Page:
You deserve to have a more enjoyable life - get started now

Patricia Escudero Rotman, Ph. D., LCSW, Clinical Psychologist (Arg.)

Select Language

English French German Italian Portuguese Spanish



Compulsive Hoarding Treatment Compulsive Hoarding is included diagnostically speaking in the so called Obsessive Compulsive Disorder Spectrum. It is characterized by the inability to throw away (due to excessive distress) worthless (to others) items. Hoarders feel highly anxious about needing these items in the future and not being able to cope without them. Their usual question is: What if I need this newspaper article/outfit/furniture etc down the road?

Their living spaces are totally cluttered and most areas of their houses cannot be used for what they were originally designed (e.g. the furniture in the living room is buried under clutter). They are usually embarrassed about the way their homes and/or work environment look so they often avoid social interaction.

Perfectionism is a frequent trait that often leads to indecisiveness and behavioral paralysis. Hoarding also creates significant problems in family and romantic relationships. Hoarders believe that their “collection” of papers, clothes, maps, newspapers, etc have an intrinsic value. However, others do not recognize this “alleged” value and often encourage (or even force) them to discard these items which in turn lead to frequent arguments.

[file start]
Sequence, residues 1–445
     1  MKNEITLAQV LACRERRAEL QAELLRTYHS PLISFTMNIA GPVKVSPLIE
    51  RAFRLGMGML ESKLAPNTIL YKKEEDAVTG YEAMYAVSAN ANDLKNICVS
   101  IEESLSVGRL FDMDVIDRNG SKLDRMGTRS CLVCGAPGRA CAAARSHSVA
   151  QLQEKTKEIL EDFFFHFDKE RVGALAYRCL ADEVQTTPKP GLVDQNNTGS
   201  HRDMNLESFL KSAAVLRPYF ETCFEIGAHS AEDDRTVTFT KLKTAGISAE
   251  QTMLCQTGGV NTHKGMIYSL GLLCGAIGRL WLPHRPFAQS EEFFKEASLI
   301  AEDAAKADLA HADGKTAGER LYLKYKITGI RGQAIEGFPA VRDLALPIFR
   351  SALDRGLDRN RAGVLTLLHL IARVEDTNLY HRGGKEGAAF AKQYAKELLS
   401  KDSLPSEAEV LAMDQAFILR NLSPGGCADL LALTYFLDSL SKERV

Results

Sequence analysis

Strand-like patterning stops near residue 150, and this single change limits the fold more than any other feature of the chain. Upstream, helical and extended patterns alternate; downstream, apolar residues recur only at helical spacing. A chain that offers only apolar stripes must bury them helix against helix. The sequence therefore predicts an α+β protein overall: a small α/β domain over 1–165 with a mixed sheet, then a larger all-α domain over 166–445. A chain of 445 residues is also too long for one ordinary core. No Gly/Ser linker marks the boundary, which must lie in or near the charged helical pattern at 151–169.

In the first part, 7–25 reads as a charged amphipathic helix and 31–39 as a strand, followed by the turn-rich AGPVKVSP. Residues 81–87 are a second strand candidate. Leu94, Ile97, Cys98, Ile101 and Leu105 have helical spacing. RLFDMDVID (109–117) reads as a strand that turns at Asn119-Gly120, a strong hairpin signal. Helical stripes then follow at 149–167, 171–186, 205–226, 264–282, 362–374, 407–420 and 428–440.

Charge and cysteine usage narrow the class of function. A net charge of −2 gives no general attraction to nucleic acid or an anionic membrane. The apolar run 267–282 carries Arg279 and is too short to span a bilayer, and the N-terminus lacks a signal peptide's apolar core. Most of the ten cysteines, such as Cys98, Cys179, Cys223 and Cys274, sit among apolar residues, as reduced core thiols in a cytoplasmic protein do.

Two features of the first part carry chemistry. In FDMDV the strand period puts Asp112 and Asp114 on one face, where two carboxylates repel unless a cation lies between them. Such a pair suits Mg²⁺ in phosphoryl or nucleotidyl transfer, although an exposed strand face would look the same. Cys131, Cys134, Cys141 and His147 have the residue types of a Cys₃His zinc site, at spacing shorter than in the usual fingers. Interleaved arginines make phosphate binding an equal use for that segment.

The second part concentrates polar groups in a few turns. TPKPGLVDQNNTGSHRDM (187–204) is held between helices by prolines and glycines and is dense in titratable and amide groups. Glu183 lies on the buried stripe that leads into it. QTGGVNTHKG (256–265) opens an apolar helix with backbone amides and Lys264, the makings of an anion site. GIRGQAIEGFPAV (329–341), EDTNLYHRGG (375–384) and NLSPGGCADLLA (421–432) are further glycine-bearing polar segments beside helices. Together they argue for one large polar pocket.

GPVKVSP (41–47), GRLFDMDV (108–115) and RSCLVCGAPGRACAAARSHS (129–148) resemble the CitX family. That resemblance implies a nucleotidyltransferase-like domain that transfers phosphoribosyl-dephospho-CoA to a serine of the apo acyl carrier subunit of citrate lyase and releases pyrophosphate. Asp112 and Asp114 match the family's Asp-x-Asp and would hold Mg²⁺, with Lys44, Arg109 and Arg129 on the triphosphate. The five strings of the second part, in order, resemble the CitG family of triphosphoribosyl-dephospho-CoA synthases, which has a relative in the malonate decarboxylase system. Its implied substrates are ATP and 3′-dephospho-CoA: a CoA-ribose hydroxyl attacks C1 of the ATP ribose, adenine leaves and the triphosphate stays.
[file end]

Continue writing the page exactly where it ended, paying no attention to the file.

The treatment of choice is Cognitive Behavioral Therapy. Compulsive Hoarding is more difficult to treat than non hoarding Obsessive Compulsive Disorder. One of the reasons is that patients are often not very motivated to do the therapy compared to their non hoarders’ counterparts.